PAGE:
I see a lot of over-mothering – mothers who willingly, sometimes compulsively, offer their lives for babies and children. Mothering so overcomes them that there is no room for anyone or anything else.
And, it’s fully understandable. The much anticipated (or unanticipated) baby arrives and changes everything.
Babies are very powerful. They deliver many a parent into a promised land of new meaning and purpose.
The power, I have often thought, is inversely proportional to their size – the gravitational pull of Earth on a mother, at a time she is so honestly and purely vulnerable. And, of course, if her life is already subject to pain (and who’s life is not?) she is all the more vulnerable to “solving” her incompleteness in the baby.
Sadly, while the baby restores meaning, purpose, and hope, the child was never deigned to BE (to embody) Purpose, Meaning, and Hope (that’s reserved for Another Baby).
As inviting, seductive, and honorable as it may appear, losing our lives for our children serves no one anything worth having, especially, and with glaring irony, the very children whom we love.
Children were never capable of handling worship and they don’t respond to it very well.
I am, I believe, uniquely (but not singularly) positioned to see this. I am not, of course, a mother, but I come pretty close. I have had the joy of the solo adoption of two babies from birth.
I know, I know, before you fire off angry letters, it is not the same.
My first son’s mother approached me to adopt her unborn son, and my second son came to me in an equally unusual manner. Remarkable women, in my book, women who both carefully calculated that their sons would have something from me that neither could see themselves offering.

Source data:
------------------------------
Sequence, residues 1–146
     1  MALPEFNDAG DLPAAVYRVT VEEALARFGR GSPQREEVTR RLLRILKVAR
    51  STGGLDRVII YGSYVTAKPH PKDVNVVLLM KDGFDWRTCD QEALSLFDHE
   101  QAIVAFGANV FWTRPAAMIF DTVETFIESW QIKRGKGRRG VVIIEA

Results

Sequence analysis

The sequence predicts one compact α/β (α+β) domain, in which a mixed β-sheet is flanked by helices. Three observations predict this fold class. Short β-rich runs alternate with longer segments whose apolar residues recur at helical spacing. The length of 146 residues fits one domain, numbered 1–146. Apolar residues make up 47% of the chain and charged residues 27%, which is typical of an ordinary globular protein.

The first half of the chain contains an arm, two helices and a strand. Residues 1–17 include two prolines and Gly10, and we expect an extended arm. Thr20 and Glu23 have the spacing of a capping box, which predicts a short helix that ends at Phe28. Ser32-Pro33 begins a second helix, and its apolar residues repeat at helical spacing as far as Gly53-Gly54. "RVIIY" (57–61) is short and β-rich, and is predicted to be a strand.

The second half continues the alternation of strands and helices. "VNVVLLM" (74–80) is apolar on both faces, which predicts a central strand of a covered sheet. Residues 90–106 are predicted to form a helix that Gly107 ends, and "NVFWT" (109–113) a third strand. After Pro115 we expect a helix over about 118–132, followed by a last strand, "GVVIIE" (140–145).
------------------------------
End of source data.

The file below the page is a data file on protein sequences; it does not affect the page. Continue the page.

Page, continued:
My sons are now 19 and 14 and have been with me from hour 1 (I was at his birth as the labor coach) and day eight respectively. Being a solo dad in a bi-racial family in the Mid-west of the USA has held more than a few surprises.
At the news I would adopt, people warned me about the dumbest things: nappies (diapers), three-hour feeding routines, and sleepless nights. They warned me about how my life would change as if children are only an inconvenience. I was informed, on more than a few occasions that my sons are black – as if it were something of which I was thoroughly unaware.
But, no one, absolutely no one warned me that the babies would enter my life and take it, yes, take it from me.
No one warned me about the power of love.
No one warned me that I’d rush to protect my sons when protecting them was, in that instance, not in their highest interest.
No one said that if I was not intentional about maintaining a life of my own I’d dissolve into my sons’ lives.
Yes, Over-Mother. I think I do understand. I think I do understand that you love your child more than your own life. That’s clear. It is my impulse, too. I struggle with this day in and day out.
But, if we really want to empower our sons and daughters, we’d better ourselves live and love as fully now as we hope they will fully love and fully live one day. How else will they learn?